Monday, January 28, 2008

American Southwest - Part 2


Here we are on the road! Our plan was to try and see the Grand Canyon, weather permitting, then continue on to Santa Fe and Los Alamos. Los Alamos was on the itinerary since we plan to visit Hiroshima on our trip to Japan next month, and I thought that it would be interesting, if not too depressing, to see the U.S. side of the story.



The Grand Canyon is spectacular beyond words. It washed the plastic of Las Vegas from our eyes, and restored us to our place as small specks of dust in the universe. And my dear husband indulged me in a romantic walk along the South Rim under a full moon - we stayed in the park in a lodge right on the rim. Expensive, but once in a lifetime memories!

The next night we stayed in the small town of Gallup, New Mexico at the glorious El Rancho, built by D.W. Griffith's brother and hotel to Hollywood stars when they filmed in the desert. Each room is named after one of the actors who stayed in it -we were in the Claude Akins room, right across from the Rita Hayworth room and down the hall from the Humphrey Bogart room. Quite a hoot!


Santa Fe was impressive in it's cohesive architecture - all adobe - and charming in spite of the mobs of well-heeled tourists flocking the streets. Although I thought this adobe parkade was a bit much! (And speaking of a bit much, yes, I do have blue hair. Quite faded since the Twelfth Night party, but still turns heads.)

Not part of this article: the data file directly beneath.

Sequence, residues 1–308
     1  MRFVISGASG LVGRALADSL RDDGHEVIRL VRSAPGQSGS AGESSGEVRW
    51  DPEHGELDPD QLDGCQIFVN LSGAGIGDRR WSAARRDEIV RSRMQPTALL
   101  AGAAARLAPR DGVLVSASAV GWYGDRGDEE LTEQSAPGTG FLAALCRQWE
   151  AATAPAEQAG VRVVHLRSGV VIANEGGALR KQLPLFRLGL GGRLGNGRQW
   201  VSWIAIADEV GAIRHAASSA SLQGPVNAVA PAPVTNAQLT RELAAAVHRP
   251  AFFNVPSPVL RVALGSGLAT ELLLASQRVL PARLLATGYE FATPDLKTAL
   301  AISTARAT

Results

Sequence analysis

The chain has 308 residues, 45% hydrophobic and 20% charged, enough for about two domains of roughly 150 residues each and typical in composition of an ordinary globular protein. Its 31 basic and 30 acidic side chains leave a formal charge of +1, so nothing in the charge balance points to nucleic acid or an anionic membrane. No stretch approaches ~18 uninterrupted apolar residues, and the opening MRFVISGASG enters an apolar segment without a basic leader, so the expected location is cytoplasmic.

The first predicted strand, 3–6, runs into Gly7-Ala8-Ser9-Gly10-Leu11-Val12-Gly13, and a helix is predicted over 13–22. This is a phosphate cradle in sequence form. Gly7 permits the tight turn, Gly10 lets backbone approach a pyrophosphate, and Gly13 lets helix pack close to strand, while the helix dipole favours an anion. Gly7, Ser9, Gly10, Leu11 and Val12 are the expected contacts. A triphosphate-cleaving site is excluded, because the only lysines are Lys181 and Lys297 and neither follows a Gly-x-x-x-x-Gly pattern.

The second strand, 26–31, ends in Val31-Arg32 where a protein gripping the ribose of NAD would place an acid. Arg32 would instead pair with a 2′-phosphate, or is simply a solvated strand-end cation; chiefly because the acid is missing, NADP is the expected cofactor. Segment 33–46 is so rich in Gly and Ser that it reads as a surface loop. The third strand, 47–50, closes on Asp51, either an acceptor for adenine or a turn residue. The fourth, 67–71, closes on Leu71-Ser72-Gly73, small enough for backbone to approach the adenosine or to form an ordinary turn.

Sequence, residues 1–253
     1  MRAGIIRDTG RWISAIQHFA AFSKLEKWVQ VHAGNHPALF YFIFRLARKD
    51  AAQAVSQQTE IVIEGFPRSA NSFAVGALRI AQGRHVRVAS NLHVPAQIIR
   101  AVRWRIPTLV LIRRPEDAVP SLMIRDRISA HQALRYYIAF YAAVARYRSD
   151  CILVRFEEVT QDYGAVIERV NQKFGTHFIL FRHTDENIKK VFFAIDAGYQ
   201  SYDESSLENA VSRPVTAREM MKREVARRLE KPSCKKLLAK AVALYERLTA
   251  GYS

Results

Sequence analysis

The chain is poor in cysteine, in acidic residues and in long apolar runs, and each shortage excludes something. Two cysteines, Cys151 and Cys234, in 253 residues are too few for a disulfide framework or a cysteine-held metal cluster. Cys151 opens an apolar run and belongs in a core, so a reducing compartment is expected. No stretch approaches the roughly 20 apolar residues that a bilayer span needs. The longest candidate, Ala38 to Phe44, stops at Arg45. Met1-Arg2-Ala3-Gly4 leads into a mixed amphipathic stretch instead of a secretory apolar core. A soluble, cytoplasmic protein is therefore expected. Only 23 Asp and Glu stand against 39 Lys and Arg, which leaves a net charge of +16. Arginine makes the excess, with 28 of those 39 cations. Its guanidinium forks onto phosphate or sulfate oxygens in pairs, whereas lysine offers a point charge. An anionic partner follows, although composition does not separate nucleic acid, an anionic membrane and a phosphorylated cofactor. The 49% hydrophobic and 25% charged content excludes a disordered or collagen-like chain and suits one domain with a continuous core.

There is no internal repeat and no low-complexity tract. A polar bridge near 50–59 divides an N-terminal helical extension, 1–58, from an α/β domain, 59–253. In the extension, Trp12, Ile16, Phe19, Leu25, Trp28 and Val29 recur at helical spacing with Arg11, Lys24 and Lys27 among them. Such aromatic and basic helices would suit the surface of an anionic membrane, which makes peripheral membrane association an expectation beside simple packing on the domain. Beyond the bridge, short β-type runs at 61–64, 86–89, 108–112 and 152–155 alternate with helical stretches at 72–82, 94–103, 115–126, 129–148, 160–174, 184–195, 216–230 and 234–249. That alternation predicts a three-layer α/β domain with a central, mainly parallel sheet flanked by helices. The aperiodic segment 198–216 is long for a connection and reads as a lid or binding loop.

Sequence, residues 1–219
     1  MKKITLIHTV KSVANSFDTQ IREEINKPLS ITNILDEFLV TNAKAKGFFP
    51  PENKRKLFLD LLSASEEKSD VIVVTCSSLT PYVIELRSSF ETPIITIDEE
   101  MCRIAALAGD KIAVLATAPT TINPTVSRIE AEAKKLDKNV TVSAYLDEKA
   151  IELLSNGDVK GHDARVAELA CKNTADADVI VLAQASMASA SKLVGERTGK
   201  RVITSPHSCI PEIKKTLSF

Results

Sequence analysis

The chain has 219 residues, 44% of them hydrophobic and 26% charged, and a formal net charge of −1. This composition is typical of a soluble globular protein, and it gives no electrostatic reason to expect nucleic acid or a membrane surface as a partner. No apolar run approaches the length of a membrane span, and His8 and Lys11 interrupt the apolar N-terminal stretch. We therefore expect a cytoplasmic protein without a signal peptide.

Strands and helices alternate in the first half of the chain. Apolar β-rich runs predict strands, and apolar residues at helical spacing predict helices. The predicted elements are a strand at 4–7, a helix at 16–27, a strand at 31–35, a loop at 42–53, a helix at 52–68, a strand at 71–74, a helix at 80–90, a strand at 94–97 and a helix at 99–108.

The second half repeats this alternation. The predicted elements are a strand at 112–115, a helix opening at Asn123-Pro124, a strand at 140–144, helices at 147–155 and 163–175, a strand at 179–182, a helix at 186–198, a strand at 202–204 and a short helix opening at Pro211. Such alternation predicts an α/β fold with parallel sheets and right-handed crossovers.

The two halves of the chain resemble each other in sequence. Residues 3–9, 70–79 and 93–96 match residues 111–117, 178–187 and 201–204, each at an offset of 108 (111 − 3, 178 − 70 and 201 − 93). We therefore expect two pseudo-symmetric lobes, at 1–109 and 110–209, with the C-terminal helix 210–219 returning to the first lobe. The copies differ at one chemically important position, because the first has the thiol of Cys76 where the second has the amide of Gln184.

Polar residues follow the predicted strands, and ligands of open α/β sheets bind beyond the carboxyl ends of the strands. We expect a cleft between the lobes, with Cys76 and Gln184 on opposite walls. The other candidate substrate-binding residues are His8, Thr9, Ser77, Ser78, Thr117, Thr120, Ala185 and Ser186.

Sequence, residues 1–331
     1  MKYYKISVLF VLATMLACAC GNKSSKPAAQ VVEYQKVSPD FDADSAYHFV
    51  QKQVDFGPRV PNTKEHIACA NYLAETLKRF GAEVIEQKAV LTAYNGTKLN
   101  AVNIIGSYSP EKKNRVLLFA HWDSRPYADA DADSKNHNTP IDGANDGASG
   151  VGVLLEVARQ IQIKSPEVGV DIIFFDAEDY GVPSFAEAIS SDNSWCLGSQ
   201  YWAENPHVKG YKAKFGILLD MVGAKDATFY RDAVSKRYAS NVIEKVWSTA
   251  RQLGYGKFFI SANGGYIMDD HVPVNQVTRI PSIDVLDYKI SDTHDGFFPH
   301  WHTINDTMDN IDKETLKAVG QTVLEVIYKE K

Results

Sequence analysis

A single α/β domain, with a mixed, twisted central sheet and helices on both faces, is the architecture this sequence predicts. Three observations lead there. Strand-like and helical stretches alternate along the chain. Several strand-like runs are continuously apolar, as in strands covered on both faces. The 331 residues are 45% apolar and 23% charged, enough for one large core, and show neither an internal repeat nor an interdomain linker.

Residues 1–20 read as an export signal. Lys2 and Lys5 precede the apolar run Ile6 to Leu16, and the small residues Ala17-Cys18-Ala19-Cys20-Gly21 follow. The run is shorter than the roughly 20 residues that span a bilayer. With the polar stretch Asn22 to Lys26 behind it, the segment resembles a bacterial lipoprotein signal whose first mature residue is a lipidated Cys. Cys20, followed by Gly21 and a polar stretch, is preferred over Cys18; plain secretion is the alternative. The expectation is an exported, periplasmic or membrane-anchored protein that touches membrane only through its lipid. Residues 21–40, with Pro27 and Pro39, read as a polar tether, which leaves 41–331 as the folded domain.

Los Alamos was chilling, and not just in temperature. At the Bradbury Science Center have done their best to downplay the horror of nuclear weapons and claim to be in the business of the safe, peaceful use of nuclear technology, but I still don't buy it. The life size models of Fat Man and Little Boy were surprisingly small, and the more modern Minuteman warheads even smaller, like dunce caps. The one thing that really startled me was the fact that only 3 weeks after the Trinity test the bomb was dropped on Hiroshima. Can you imagine the determined effort and energy behind such an act? And if it is humanly possible to achieve such a thing, why can't we summon up such energy for peace, or stopping global climate change?

We left Los Alamos as the sun was setting, and arrived in Truth or Consequences 4 hours later.
Tomorrow: Welcome to Dodge!

2 comments:

  1. Anonymous6:53 PM

    blue haired chicks are hot....

    ReplyDelete
  2. Jean-Pierre Antonio9:55 PM

    Looks like you packed in plenty of amazing experiences. It's always good to step outside our usual boundaries and see different things.
    Having seen Hiroshima, maybe I will see Los Alamos one day. Your description does chill. I think you'll find Hiroshima remarkably balanced. There aren't any fingers pointed. The only message that comes through lod and clear is "STOP THE INSANITY OF NUCLEAR WEAPONS!". It took me a surprisingly long time to make it to Hiroshima, considering I live in Japan, but when I finally made it I was moved beyond words. It would be great if everyone in the world could go at least once.

    ReplyDelete

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